In these situations, offering practical assistance can be one of the best ways to show you care.

    Asking the question, ‘How can I best support you?’ may get you a clear and direct answer or could create an additional burden for the person as they try to figure out what to ask you for or struggle with their own issues around asking for help.

    It may be more helpful to offer specific help (which you may have received information about while you were undertaking the ‘listening’ step!)

    Marny offers the below as a good place to start if you’re feeling unsure:

    ‘I’m going to the supermarket later today, can I grab something for you?’

    ‘Would you like me to drop you at your medical appointment this Thursday?’

    ‘How about I take the kids to the park this weekend so you can get some time to yourself?’

    ‘I am always here, so please do ring me if you need to talk’

    ‘If you would like to join us for a BBQ over the weekend for some company, please let us know.’

When and how to seek additional help

If your friend or family members’ needs are more than you’re able to accommodate, it may be helpful to find out what services are available to them in their specific situation. Marny suggests gently mentioning when a psychologist has been of help to either yourself or someone close to you.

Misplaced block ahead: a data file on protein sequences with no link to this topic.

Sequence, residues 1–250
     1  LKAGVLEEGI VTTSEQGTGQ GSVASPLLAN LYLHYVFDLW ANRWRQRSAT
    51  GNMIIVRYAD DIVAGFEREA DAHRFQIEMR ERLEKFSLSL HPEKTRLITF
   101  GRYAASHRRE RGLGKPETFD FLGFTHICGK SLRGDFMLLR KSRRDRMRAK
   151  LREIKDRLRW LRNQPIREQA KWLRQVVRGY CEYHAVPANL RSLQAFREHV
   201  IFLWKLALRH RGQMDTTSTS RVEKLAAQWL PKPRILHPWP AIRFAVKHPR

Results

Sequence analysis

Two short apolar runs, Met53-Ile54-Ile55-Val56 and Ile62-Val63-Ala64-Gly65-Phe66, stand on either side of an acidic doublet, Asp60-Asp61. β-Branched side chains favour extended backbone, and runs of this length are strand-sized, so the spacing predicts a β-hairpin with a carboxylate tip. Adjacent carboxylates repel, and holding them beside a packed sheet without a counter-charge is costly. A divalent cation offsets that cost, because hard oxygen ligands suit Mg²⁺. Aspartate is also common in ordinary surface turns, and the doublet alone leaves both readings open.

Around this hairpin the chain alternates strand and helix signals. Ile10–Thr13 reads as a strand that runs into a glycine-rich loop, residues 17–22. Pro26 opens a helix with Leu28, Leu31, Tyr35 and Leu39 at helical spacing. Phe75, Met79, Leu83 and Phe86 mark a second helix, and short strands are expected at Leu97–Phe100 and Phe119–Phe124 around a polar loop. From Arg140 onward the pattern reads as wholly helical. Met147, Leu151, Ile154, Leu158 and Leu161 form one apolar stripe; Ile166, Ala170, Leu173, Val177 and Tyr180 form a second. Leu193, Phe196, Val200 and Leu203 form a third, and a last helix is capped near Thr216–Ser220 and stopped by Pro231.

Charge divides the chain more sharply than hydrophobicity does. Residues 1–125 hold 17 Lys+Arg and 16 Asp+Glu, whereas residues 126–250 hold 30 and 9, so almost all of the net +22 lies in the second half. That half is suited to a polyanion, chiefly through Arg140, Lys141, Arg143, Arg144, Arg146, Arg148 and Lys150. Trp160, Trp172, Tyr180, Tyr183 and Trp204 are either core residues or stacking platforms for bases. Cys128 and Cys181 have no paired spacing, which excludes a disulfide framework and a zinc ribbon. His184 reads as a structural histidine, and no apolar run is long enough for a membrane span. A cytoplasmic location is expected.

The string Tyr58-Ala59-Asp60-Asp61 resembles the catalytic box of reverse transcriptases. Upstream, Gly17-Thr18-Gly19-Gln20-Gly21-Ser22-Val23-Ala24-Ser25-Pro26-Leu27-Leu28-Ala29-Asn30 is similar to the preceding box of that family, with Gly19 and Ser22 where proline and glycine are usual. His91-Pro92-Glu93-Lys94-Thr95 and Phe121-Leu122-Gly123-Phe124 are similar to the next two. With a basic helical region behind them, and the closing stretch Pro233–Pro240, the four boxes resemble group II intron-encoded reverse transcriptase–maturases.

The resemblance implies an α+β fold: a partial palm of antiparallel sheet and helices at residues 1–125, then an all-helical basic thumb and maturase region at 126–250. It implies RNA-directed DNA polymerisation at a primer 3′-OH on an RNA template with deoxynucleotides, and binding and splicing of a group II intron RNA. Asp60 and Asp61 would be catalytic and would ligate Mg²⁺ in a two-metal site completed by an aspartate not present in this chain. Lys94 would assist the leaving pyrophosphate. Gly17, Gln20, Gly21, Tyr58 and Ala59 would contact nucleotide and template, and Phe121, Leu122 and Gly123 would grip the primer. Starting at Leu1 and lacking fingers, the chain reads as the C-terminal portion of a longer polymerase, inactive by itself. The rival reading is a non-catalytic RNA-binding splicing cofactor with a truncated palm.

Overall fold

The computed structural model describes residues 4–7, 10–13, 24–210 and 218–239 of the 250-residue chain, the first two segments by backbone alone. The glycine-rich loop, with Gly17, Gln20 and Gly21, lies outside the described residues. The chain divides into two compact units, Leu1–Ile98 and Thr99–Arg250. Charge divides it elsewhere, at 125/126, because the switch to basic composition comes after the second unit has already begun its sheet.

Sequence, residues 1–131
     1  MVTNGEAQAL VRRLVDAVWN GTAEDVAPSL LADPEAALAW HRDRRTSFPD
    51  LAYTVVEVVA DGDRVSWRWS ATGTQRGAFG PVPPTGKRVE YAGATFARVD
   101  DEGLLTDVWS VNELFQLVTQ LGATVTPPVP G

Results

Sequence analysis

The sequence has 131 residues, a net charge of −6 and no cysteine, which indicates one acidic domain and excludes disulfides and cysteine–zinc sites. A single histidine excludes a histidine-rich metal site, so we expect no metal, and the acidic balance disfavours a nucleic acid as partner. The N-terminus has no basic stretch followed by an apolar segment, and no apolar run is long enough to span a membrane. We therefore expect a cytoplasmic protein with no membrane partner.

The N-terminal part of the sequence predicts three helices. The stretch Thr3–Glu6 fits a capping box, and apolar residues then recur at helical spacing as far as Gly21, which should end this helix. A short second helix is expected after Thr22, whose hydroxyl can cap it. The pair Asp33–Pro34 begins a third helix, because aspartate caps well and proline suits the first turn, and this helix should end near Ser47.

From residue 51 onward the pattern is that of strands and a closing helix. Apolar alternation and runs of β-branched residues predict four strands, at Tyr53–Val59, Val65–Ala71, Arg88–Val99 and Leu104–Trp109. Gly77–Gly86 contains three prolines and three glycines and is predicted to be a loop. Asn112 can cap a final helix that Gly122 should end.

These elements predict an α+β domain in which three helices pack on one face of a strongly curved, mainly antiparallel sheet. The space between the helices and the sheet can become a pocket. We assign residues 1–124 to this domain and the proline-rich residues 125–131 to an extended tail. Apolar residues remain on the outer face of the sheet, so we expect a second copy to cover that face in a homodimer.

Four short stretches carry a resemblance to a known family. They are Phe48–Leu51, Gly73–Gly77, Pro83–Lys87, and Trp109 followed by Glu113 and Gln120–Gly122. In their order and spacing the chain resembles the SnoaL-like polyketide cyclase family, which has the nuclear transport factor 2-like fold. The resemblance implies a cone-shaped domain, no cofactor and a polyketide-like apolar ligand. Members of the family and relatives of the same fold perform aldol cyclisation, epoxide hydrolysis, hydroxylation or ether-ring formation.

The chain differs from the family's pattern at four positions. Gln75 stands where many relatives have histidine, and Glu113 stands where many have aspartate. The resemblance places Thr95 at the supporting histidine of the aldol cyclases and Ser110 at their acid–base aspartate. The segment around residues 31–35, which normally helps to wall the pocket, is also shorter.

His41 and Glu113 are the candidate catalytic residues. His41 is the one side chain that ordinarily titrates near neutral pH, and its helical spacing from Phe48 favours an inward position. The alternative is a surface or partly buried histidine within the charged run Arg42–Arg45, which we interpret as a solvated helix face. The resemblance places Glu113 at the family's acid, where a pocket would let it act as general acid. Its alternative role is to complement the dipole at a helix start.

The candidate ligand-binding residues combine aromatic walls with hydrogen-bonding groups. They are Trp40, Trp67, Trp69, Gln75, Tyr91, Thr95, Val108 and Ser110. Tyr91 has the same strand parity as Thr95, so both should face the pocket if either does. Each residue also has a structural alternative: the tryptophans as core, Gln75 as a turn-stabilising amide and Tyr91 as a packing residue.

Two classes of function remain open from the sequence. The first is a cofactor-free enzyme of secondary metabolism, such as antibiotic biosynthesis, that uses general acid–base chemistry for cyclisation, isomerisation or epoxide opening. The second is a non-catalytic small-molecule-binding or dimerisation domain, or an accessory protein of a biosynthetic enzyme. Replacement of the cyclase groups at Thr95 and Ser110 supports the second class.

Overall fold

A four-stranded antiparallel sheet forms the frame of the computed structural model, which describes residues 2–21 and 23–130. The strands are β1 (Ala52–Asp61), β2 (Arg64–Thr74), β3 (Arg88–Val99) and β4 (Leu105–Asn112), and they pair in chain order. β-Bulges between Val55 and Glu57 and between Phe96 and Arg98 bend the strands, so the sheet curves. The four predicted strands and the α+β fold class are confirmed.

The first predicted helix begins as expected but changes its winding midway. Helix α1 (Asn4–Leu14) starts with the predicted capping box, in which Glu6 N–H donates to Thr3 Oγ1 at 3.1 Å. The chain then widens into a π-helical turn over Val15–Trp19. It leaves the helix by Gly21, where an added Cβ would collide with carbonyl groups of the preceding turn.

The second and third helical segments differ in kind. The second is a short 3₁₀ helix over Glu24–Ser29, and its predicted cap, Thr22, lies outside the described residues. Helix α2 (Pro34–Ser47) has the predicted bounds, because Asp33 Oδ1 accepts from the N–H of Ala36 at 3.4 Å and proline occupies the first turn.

“We also want to suggest rather than tell, as therapy is always better when they themselves reach this as a support”

Urgent support links and phone lines
24 hours, 7 days

  • Lifeline: 13 11 14 
  • Suicide Call Back Service: 1300 659 467 
  • Beyond Blue: 1300 224 636
  • MensLine Australia: 1300 789 978
  • Kids Helpline: 1800 551 800
  • Headspace: 1800 650 890
Explore HBF mental health cover

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1 Better Health- Strong relationships, strong health

2 Psychology Today- How to respond to people in crisis

3 Mental health Coordinating Council- Recovery Orientated Language Guide

4 NSW Health- What is appropriate language when speaking to someone living with a mental health condition?


This article contains general information only and does not take into account the health, personal situation or needs of any person. In conjunction with your GP or treating health care professional, please consider whether the information is suitable for you and your personal circumstances.